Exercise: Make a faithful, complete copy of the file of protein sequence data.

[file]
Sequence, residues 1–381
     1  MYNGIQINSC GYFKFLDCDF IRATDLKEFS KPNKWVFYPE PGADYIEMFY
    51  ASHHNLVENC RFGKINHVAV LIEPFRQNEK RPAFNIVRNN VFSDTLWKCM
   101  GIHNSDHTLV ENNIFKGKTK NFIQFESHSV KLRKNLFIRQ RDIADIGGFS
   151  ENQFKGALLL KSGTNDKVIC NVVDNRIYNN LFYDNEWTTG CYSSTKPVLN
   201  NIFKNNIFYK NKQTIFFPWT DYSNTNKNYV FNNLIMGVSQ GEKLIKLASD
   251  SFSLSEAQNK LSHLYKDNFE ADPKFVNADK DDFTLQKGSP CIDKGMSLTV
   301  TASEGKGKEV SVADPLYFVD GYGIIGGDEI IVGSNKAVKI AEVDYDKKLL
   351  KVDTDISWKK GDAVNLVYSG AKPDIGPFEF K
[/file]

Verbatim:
Sequence, residues 1–381
     1  MYNGIQINSC GYFKFLDCDF IRATDLKEFS KPNKWVFYPE PGADYIEMFY
    51  ASHHNLVENC RFGKINHVAV LIEPFRQNEK RPAFNIVRNN VFSDTLWKCM
   101  GIHNSDHTLV ENNIFKGKTK NFIQFESHSV KLRKNLFIRQ RDIADIGGFS
   151  ENQFKGALLL KSGTNDKVIC NVVDNRIYNN LFYDNEWTTG CYSSTKPVLN
   201  NIFKNNIFYK NKQTIFFPWT DYSNTNKNYV FNNLIMGVSQ GEKLIKLASD
   251  SFSLSEAQNK LSHLYKDNFE ADPKFVNADK DDFTLQKGSP CIDKGMSLTV
   301  TASEGKGKEV SVADPLYFVD GYGIIGGDEI IVGSNKAVKI AEVDYDKKLL
   351  KVDTDISWKK GDAVNLVYSG AKPDIGPFEF K